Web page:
So what effect are these interactions having on educators?  Frustration, disbelief, mental and physical exhaustion and the loss of love for educating to name just a few.  We haven't even begun to see a majority of these children in our classrooms.  You have to remember that this is just a small part of teaching.  It shouldn't take up all of a teacher's time.  Even the hardest working teachers who believe the world can be changed find themselves at a loss for ideas to fix the problem.  If the parents and students don't care, then what would make the educator want to care?  The interesting factor in this social dynamic is Generation Me is also teaching.  Now don't forget that Generation Me likes to be individual and seeks attention so they can start out as rock star teachers who make a name for themselves.  This is really beneficial to education.  The rub comes when they have to communicate with the parents who just don't care.  Even Generation Me starts to get tired of Generation Me.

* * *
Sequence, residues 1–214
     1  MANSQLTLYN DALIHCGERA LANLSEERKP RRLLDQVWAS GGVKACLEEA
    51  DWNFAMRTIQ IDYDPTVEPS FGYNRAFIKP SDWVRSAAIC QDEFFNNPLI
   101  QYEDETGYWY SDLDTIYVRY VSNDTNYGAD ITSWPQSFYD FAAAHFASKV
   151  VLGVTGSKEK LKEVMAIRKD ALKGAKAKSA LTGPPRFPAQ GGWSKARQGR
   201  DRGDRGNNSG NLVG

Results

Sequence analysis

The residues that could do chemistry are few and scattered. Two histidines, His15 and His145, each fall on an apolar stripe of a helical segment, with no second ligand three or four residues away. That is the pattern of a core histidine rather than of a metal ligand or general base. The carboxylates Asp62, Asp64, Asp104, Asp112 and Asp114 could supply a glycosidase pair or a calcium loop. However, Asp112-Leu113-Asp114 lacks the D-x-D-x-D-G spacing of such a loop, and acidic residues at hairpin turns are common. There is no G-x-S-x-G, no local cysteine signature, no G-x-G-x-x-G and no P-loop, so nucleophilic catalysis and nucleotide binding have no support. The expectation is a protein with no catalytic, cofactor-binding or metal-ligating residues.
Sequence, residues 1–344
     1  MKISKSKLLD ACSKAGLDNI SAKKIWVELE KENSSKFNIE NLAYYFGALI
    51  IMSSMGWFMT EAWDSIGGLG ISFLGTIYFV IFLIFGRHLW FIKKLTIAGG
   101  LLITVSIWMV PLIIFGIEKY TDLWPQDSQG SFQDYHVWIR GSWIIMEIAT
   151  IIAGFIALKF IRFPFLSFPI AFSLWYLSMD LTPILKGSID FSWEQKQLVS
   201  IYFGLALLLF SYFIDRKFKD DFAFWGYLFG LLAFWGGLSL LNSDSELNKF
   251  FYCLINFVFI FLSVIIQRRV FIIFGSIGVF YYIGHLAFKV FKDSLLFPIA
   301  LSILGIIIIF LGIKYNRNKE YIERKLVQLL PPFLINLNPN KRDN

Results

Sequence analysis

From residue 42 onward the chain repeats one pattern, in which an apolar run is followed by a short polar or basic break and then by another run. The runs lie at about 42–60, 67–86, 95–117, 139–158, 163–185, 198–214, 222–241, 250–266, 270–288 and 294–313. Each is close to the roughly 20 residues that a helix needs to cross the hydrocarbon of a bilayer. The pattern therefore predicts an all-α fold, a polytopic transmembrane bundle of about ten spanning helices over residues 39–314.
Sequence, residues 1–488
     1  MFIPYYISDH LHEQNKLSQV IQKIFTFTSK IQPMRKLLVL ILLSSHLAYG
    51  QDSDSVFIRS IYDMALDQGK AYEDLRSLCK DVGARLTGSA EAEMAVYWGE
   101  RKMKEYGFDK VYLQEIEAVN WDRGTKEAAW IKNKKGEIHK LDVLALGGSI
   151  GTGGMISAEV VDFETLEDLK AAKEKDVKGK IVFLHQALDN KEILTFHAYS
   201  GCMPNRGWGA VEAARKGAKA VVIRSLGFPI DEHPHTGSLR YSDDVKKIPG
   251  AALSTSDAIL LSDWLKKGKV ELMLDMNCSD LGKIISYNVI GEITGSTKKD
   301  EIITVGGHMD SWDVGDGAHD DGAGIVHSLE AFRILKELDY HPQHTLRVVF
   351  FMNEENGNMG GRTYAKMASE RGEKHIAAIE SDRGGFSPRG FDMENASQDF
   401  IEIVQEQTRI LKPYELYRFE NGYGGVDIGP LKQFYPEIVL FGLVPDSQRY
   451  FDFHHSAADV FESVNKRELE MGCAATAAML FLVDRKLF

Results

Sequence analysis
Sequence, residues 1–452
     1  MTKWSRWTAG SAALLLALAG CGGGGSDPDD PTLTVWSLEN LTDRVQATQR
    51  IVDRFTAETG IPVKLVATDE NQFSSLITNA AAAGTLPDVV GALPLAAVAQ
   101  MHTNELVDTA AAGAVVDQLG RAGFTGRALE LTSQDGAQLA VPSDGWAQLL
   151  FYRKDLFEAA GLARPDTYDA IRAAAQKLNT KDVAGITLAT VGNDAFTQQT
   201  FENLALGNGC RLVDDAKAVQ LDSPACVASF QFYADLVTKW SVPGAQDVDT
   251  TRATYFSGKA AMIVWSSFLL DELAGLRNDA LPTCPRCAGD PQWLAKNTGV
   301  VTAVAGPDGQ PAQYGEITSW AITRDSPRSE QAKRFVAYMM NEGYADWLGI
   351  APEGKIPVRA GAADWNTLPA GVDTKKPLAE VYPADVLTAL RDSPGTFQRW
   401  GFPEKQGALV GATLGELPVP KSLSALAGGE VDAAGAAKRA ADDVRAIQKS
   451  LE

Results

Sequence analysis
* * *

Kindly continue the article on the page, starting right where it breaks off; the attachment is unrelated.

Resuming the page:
There are a lot of good qualities within all the generations that are alive today.  We each have something to offer this world.  The problem we face is communicating with one another in a way that benefits the world rather than ourselves.  So what can you do to make a difference? First, decide if you are Generation Me.  If you are, take a realistic look at the positive and negative effects of your generation.  If you are a compassionate hard working individual, how can you help others in your generation to see what you see? Could you set better examples on social media and through your life?  If you are not in Generation Me, try to understand Generation Me.  What can you do to communicate with them in a way that works for everyone?
For our extreme Generation Me people who fit the stereotype exactly.  If you are a selfie loving individual who commonly thinks that they should get what they want because they deserve it, STOP it!!!! That behavior will not do anyone including yourself any good.  Consider not having children if you are in the least bit wrapped up in yourself.  If everyone puts themselves first  the world will not function, that's common sense.  Your behavior will drive educators out of the classroom sooner than later and you won't like what replaces them.  Go out into the world today and do something selfless just because you can.  Leave the world better than when you found it.


5 comments:

  1. This comment has been removed by the author.